- Is the FDA Too Cozy With Drug Companies?
- You Asked: Should I Worry About Wi-Fi Radiation?
- The Americas Are Now Officially Free of Measles
Posted: 28 Sep 2016 08:47 AM PDT
People who work at the U.S. Food and Drug Administration (FDA) as medical reviewers are responsible for parsing the risks and benefits of a particular drug before it gets the agency’s approval. But a new report from two researchers at the Oregon Health and Science University, published in the journal The BMJ, suggests many of these medical reviewers go on to work for the drug companies they oversaw while working for the government.
Critics have called out this revolving door between the FDA and the pharmaceutical industry, and the study’s authors wanted to see how the numbers matched up to that claim. They looked at the FDA’s list of haematology-oncology drug approvals from 2006 to 2010 and scanned all medical reviews from 2001 to 2010 in the agency’s database, then looked up the subsequent jobs of the people who worked as medical reviewers for those drug approvals.
The researchers found that among 55 people who worked as haematology-oncology medical reviewers from 2001 to 2010, 27 continued in their roles at the FDA, two people worked at the FDA but held other appointments, and 15 left the FDA to work with or consult for the biopharmaceutical industry. The jobs of the rest of the people could not be determined.
“I don’t think there is overt collusion going on, but if you know in the back of your mind that a major career opportunity after the FDA is going to work on the other side of the table, I worry it can make you less likely to put your foot down,” says study author Dr. Vinay Prasad, an assistant professor of medicine at the Oregon Health and Science University. “Regulators may be less willing to be very tough, and I worry that is happening.”
In response to the report, FDA spokesperson Jason Young sent TIME the following statement:
Study author Prasad says he would like to see more transparency from the FDA on the number of people who go from the agency to the drug industry. He noted that former FDA commissioner Dr. Margaret Hamburg said in a March interview that she won’t consider working for companies that the FDA regulated for a couple years, calling it a “cooling-off period.” Prasad said they were unable to determine in their report how many people went directly from the FDA to the pharmaceutical industry.
Prasad also adds that more needs to be done to recruit and retain the best talent at the FDA. “We need to address why people are leaving the FDA,” he says. “I sympathize for them. These are people doing an important job and … they’re certainly earning less than what they can make in the [pharmaceutical] industry.”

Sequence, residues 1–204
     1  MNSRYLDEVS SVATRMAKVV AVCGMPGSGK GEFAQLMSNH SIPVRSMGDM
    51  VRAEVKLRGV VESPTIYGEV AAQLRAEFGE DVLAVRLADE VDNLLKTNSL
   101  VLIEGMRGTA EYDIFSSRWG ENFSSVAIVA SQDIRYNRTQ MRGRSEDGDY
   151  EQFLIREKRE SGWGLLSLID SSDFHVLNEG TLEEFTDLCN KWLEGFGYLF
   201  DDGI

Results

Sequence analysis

Posted: 28 Sep 2016 05:00 AM PDT
At home and at work, dozens of wireless networks are streaming invisible radio waves through your space and body. (So are the phones, computers, Bluetooth speakers and other devices that connect to them.) It’s logical to wonder—and worry—about what effect all that wireless energy might have on your health.
But while the volume and ubiquity of wireless devices is a new phenomenon, the kind of radiation they produce has been the subject of scientific scrutiny for decades, says John Moulder, professor emeritus of radiation oncology at the Medical College of Wisconsin.
In 2013, Moulder coauthored a review of the existing health research on Wi-Fi. Like your mobile phone, Wi-Fi routers send and receive information using radio waves, which are a form of electromagnetic radiation, he says.
The research on radio waves and human health goes back at least to the 1950s, when there were concerns about Navy servicemen being exposed to powerful shipboard radar. “We have 50 or 60 years of research into the kind of radiation associated with Wi-Fi,” Moulder says.
All that research has taught us that at high frequencies, electromagnetic radiation can promote tumor growth and cancer. The sun’s ultraviolet rays and their links to skin cancer are one example. Even at lower frequencies, very high levels of electromagnetic radiation exposure can hurt you. “But we’re talking skin burns, not cancer or tumors,” says Kenneth Foster, a professor of bioengineering at the University of Pennsylvania.
Foster was Moulder’s coauthor on that 2013 review of Wi-Fi’s health effects. He says that, based on our current understanding of radio wave strengths and risks, world health authorities have set safety standards for all devices and appliances that emit electromagnetic radiation—from phones and microwaves to your car’s keyless entry fob. “The exposure you get from your Wi-Fi router is orders and orders of magnitude below those safety limits,” he explains.
Asked for specifics, Foster says it helps to understand how Wi-Fi works. While most people assume their wireless router is constantly sending and receiving information, Foster says these devices actually transmit just 0.1% of the time. “Maybe that goes up somewhat if you’re streaming video,” he says, “but most of the time your router is just sitting idly waiting for something to happen.”